Chris Hayes opened up his show this Saturday with his "Story of the Week" on Rep. Paul Ryan and the difference between his belief system and worship of Ayn Rand his biography. As Hayes rightfully noted, sadly, this blatant hypocrisy from those who have benefited from our society while telling others to "sink or swim on their own" is a problem much bigger than just Paul Ryan.
Since Paul Ryan was announced as the Republican Vice Presidential candidate, many progressives and even mainstream media outlets have noted that there's a fundamental tension between Ryan's belief system and his biography. Ryan is beloved by the conservative base because he is, by all accounts, a true believer, deeply influenced by the hyper-individualistic philosophy of romance novelist Ayn Rand. His speeches and talking points and the lengthy preamble to one of his first big budget documents paint a picture of a world divided into makers and takers, those who produce and those who mooch. To Rand, the ultimate good is freedom and all attempts to weave together a social safety net, to alleviate misery caused by misfortune are incursions on that freedom and thus suspect, even contemptible.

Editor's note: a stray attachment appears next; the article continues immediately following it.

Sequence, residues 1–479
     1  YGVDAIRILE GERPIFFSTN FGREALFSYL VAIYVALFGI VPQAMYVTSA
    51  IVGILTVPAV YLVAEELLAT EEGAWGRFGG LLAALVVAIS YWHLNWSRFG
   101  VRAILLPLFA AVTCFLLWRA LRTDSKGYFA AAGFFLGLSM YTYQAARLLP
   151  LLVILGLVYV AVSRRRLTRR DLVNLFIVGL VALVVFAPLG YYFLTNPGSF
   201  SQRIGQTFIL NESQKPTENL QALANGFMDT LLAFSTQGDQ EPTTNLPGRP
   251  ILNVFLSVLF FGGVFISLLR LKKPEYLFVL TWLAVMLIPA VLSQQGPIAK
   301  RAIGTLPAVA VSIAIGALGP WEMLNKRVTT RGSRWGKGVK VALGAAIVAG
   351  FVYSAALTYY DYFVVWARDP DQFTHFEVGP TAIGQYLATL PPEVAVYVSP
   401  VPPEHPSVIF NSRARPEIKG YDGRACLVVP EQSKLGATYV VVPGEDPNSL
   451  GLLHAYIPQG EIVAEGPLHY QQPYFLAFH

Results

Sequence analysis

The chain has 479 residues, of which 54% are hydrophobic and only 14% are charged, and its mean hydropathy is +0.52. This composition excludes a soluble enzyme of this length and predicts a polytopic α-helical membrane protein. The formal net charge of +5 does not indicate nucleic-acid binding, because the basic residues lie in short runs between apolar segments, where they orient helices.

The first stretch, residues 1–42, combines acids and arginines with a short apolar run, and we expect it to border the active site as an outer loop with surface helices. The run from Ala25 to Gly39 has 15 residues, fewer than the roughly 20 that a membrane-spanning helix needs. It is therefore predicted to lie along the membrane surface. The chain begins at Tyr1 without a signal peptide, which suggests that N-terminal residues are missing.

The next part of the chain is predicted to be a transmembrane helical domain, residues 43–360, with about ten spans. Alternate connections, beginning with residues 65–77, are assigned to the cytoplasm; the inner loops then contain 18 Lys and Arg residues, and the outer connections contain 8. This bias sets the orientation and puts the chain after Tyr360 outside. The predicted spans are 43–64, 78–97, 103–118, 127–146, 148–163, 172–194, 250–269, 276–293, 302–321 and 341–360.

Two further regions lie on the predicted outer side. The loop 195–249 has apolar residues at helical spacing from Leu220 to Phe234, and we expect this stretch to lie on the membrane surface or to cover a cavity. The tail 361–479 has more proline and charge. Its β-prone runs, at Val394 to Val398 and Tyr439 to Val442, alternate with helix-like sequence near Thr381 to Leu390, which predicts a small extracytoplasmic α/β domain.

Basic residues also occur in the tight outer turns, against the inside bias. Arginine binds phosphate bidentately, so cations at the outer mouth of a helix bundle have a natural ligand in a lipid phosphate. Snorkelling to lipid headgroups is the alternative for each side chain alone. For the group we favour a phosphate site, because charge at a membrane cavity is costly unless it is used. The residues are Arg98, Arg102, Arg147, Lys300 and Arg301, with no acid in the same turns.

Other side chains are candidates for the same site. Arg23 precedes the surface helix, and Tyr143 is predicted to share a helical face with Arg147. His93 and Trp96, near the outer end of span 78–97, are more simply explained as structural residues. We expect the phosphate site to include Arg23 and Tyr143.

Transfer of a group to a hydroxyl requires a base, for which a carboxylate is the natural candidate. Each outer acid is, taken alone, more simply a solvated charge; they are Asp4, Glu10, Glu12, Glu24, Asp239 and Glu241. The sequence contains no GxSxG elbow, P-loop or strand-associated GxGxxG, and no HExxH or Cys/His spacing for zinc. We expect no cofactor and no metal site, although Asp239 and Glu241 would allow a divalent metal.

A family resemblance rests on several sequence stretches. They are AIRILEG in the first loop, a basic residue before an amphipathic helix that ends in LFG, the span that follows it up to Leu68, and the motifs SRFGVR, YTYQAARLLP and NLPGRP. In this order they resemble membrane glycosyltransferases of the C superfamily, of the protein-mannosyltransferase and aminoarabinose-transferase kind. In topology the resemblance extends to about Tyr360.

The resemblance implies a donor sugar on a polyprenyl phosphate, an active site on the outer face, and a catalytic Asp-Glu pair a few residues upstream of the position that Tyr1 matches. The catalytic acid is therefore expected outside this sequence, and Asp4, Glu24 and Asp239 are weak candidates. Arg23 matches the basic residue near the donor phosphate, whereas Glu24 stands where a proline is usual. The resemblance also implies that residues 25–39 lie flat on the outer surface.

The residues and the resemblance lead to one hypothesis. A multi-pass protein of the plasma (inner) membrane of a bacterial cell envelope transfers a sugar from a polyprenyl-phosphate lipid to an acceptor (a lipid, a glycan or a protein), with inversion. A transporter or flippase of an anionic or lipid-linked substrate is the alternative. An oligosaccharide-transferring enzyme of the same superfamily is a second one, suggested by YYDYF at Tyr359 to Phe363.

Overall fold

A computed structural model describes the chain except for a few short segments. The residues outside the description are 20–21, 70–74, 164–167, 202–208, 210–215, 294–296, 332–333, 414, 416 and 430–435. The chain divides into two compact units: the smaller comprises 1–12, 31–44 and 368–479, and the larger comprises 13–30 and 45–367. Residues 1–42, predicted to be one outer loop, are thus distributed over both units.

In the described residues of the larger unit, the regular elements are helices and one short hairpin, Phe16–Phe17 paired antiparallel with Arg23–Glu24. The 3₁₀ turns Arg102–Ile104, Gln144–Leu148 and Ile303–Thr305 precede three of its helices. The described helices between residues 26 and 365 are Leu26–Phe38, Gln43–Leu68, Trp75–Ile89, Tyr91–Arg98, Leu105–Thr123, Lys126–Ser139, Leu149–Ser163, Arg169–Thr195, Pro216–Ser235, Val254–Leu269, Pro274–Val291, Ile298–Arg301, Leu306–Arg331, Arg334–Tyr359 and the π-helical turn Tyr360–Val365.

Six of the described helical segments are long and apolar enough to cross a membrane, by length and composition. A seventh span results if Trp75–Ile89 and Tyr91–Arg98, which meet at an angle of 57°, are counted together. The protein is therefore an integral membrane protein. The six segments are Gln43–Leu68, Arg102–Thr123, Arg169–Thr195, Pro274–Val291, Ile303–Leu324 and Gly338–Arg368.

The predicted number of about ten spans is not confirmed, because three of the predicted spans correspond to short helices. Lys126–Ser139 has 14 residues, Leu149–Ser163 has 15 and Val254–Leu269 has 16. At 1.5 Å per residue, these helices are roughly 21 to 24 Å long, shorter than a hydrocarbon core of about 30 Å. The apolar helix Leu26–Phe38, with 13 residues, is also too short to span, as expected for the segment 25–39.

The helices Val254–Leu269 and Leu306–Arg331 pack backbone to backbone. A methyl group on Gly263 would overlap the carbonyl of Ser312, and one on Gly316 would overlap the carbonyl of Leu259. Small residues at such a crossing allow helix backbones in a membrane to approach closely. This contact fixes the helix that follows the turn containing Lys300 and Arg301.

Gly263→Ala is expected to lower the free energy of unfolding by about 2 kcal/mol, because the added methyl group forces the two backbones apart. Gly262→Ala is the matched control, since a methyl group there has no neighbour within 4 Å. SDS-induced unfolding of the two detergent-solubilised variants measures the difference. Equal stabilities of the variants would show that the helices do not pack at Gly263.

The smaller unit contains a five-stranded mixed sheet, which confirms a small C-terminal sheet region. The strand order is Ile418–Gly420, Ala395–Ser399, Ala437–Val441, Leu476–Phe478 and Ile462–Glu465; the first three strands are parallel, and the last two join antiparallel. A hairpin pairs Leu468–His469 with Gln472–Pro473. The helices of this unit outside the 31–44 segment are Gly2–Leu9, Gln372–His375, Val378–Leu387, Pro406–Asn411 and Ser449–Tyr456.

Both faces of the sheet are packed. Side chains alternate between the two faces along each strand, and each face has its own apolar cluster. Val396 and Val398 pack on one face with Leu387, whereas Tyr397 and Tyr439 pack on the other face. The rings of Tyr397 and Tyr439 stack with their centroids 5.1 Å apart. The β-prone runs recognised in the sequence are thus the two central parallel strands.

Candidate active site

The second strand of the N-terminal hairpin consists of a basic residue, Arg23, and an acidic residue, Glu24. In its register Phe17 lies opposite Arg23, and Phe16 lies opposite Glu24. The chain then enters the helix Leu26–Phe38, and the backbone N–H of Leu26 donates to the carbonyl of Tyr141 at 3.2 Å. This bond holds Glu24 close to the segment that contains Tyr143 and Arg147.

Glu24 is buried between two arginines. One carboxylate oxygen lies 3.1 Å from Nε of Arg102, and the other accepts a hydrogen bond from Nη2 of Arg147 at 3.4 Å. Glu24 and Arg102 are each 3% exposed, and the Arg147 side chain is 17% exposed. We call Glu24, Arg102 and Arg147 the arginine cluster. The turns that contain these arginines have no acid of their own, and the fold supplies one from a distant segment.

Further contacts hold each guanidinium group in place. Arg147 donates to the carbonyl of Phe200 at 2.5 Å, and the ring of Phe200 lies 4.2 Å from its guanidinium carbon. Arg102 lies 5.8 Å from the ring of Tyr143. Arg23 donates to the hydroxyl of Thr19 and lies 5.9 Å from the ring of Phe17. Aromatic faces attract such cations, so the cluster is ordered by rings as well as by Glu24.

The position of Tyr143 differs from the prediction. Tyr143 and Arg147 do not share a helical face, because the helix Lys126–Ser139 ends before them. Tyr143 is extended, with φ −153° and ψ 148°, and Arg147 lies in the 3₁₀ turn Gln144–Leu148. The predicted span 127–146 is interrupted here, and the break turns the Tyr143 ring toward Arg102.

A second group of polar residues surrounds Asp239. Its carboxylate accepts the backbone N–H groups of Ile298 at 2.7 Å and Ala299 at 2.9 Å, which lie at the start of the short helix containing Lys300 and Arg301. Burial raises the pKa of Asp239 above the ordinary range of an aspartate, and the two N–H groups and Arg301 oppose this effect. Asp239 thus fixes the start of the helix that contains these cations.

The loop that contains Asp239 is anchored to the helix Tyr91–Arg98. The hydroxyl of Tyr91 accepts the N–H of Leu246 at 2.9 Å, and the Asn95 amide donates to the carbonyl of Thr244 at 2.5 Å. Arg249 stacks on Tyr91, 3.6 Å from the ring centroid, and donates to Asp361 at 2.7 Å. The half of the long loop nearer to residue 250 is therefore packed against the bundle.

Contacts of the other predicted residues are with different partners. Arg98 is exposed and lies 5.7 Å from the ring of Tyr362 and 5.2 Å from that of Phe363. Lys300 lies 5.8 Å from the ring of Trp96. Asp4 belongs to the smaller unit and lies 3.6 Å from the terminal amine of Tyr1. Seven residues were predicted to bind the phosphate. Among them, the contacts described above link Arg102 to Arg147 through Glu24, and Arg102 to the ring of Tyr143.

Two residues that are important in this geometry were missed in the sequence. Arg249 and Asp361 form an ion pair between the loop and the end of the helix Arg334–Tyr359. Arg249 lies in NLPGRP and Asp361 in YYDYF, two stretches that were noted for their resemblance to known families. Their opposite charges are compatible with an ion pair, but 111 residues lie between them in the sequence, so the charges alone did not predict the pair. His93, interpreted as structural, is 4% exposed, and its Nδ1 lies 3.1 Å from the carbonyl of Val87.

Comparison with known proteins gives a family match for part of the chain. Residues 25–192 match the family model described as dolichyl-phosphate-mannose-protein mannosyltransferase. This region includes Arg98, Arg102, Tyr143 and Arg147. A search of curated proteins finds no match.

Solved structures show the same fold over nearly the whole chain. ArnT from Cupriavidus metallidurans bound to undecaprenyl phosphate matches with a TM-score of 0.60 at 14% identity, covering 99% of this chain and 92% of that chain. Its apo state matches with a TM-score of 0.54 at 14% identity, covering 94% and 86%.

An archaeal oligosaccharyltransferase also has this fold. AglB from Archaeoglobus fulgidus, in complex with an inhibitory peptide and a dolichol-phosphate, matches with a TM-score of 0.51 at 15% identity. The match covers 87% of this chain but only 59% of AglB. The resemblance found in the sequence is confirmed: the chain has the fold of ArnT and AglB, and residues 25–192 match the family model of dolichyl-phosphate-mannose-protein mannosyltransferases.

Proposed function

And for Ryan, there's a biographical dimension to this philosophy. Ryan suffered through a horrible tragedy in his teenage years when he discovered his father dead of a heart attack in his house. The death shook Ryan and he, says, changed his outlook. It changed the finances of the household: his mother went back to school and they took in his grandmother. Ryan says he concluded that "I've got to either sink or swim in life."